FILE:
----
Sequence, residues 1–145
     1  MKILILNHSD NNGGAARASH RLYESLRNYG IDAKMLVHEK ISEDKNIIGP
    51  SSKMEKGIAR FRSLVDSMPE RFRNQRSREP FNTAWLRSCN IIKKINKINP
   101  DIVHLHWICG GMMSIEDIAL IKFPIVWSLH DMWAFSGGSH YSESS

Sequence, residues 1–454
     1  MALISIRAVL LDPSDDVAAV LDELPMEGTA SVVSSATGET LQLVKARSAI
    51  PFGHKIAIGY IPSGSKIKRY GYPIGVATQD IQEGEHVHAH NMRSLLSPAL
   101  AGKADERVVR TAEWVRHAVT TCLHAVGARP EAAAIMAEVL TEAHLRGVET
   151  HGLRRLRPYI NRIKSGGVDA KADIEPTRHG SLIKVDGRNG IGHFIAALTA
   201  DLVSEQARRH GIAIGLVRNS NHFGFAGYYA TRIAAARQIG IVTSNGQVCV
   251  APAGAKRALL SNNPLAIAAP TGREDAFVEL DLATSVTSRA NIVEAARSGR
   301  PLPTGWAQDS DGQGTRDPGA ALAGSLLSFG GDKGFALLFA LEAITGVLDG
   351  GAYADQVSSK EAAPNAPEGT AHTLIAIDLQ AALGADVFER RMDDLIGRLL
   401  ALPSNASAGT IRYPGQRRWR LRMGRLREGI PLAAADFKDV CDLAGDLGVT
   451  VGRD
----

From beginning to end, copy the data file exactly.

Sequence, residues 1–145
     1  MKILILNHSD NNGGAARASH RLYESLRNYG IDAKMLVHEK ISEDKNIIGP
    51  SSKMEKGIAR FRSLVDSMPE RFRNQRSREP FNTAWLRSCN IIKKINKINP
   101  DIVHLHWICG GMMSIEDIAL IKFPIVWSLH DMWAFSGGSH YSESS

Sequence, residues 1–454
     1  MALISIRAVL LDPSDDVAAV LDELPMEGTA SVVSSATGET LQLVKARSAI
    51  PFGHKIAIGY IPSGSKIKRY GYPIGVATQD IQEGEHVHAH NMRSLLSPAL
   101  AGKADERVVR TAEWVRHAVT TCLHAVGARP EAAAIMAEVL TEAHLRGVET
   151  HGLRRLRPYI NRIKSGGVDA KADIEPTRHG SLIKVDGRNG IGHFIAALTA
   201  DLVSEQARRH GIAIGLVRNS NHFGFAGYYA TRIAAARQIG IVTSNGQVCV
   251  APAGAKRALL SNNPLAIAAP TGREDAFVEL DLATSVTSRA NIVEAARSGR
   301  PLPTGWAQDS DGQGTRDPGA ALAGSLLSFG GDKGFALLFA LEAITGVLDG
   351  GAYADQVSSK EAAPNAPEGT AHTLIAIDLQ AALGADVFER RMDDLIGRLL
   401  ALPSNASAGT IRYPGQRRWR LRMGRLREGI PLAAADFKDV CDLAGDLGVT
   451  VGRD